Robertson said a paper about the border situation was discussed at Cabinet, and there were some things to follow up. He repeated that there would be "a speech" on Thursday about reconnecting New Zealand but would not say if any decisions had been made.
While the country was in the early stages of its Omicron fight, twice before New Zealand had proven it had the right plan to get through, he said.
In the past week, there had been a 24 per cent increase in people getting boosted and 67 per cent of those eligible were now boosted.
The Government was preparing to move to phase 2 of the Omicron plan and integrating RATs and the "test to work" programme.
And the Government had ordered enough new rapid antigen test kits (RATs) to get the country through any looming Omicron outbreak.
On RATs, Robertson there was assurance from at least one supplier that orders had not been taken over by the Government.
Robertson said RATs would be focused on situations where contacts needed to go to work. As they moved through the process, RATs would have wider applications.
On when the general public would access them, Robertson said "that would come with time".
In other countries where supply had not been prioritised to certain areas, there had been "major issues", he said.
New Zealand was not now in a position to be yet needing them in schools, he said.
He said ministers were working through agencies about how to work closely with Māori health providers on the Omicron response.
On Air NZ cancelling flights due to staff needing to isolate, Robertson said he understood the company was already using RATs. He said there had been no request yet if they needed to come under the critical workforce category.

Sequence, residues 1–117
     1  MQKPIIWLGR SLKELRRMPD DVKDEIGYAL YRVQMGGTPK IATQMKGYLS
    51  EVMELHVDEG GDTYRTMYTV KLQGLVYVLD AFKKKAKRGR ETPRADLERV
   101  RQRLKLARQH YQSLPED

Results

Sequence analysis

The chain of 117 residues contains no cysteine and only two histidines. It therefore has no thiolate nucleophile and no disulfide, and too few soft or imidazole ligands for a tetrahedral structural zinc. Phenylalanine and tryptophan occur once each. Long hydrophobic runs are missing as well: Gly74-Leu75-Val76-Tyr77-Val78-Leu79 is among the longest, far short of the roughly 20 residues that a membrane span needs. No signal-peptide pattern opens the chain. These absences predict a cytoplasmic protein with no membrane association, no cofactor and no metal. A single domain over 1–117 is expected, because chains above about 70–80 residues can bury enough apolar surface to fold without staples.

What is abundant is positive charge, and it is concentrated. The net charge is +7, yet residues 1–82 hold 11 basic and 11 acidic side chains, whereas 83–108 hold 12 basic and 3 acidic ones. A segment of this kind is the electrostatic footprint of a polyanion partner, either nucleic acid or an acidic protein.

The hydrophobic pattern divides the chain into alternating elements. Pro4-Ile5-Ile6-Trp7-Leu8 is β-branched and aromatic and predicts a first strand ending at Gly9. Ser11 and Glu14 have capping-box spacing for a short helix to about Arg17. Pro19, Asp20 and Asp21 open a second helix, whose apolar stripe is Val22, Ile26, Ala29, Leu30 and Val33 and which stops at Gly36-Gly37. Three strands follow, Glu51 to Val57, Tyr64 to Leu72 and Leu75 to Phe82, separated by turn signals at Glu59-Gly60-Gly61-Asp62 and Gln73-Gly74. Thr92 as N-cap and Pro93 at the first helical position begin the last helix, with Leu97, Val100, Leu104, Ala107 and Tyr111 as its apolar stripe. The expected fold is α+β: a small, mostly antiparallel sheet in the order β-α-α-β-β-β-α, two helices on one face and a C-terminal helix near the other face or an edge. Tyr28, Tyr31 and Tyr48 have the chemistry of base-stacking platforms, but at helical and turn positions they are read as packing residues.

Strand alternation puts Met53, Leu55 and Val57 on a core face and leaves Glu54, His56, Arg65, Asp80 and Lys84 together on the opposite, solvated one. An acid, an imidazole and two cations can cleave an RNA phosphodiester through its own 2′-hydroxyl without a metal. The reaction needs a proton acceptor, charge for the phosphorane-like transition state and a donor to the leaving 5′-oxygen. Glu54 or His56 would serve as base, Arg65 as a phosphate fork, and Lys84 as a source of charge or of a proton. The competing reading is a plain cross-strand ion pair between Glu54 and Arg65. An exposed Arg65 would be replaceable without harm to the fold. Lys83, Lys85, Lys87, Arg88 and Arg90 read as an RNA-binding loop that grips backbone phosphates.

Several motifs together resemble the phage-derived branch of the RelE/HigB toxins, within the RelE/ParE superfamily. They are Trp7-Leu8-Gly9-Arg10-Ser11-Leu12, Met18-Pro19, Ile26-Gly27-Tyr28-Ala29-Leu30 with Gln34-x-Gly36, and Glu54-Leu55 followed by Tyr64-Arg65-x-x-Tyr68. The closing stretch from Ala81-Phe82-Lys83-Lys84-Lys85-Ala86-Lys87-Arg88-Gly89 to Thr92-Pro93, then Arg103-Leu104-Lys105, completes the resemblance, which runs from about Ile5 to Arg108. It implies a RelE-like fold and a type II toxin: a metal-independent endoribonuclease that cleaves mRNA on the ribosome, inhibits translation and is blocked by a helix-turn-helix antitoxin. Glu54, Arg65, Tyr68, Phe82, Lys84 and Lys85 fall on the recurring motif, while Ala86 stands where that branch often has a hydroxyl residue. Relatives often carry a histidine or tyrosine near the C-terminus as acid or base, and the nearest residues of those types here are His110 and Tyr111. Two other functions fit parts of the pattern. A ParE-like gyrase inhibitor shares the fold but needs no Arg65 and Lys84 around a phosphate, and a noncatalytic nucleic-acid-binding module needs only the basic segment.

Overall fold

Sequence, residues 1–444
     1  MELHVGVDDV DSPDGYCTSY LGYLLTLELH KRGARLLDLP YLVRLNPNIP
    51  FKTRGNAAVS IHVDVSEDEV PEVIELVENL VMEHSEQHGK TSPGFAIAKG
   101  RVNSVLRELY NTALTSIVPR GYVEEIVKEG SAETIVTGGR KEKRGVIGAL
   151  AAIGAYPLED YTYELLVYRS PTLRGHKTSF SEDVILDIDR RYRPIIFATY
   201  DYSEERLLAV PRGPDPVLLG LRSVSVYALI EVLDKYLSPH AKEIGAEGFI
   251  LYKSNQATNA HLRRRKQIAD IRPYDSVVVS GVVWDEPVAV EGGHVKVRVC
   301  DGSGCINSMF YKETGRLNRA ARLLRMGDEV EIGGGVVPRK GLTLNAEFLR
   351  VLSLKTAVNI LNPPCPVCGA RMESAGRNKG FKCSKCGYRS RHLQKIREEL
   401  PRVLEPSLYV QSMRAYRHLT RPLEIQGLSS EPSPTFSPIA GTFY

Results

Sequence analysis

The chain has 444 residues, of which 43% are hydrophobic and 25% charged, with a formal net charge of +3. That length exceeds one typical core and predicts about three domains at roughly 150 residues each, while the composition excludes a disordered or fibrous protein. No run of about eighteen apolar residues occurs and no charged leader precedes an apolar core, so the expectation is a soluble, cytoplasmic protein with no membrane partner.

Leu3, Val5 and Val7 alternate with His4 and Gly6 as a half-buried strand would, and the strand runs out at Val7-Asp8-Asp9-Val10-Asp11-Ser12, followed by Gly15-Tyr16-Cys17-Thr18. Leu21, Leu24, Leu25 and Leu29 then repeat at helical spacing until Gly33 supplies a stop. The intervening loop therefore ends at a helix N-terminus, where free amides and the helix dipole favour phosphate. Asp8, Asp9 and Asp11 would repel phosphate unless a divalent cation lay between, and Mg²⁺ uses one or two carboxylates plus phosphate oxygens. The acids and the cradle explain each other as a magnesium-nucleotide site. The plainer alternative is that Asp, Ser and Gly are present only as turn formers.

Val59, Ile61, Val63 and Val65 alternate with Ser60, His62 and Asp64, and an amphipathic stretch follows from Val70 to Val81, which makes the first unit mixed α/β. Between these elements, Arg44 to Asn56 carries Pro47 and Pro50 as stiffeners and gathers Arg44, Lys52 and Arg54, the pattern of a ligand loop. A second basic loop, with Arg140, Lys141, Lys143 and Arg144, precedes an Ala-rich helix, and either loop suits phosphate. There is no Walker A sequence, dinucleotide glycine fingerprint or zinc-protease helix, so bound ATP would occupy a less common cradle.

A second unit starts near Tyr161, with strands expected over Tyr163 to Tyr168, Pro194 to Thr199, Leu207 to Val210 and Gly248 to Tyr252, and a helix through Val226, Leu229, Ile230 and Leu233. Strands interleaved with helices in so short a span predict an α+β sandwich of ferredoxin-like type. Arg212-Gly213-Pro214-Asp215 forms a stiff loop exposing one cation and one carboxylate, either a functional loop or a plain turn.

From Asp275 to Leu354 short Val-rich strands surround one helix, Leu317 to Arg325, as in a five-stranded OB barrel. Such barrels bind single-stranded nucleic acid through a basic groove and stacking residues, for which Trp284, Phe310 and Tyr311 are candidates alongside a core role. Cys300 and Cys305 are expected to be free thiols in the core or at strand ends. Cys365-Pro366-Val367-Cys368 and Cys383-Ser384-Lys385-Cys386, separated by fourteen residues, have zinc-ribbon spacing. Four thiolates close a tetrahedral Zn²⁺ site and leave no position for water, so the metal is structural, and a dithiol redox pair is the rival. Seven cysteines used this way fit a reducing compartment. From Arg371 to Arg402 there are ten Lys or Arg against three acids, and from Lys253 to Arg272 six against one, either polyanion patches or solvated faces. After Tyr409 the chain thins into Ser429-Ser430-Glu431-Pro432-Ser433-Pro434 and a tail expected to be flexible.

On what workers would be classed as critical and allowed to use RATs instead of isolating, and when that would be released, Robertson said he did not know.
In cases of ministers needing to isolate, Robertson said, as with today, they had facilities for all ministers to work from home.
On OECD recommendations to raise the age of superannuation, Robertson said the Government would never do that.
He recognised there was a cost associated with that position, but thought the Government could afford it. He wasn't speaking to a situation in 10 years time, but the Labour Government "here today", he said.
In terms of Māori people, the super age and it being lower due to lower life expectancy, Robertson said that was not something the Government had looked at.
Robertson said while they did want housing to be more affordable, he saw nothing in forecasts that indicated the Government needed to intervene in the market.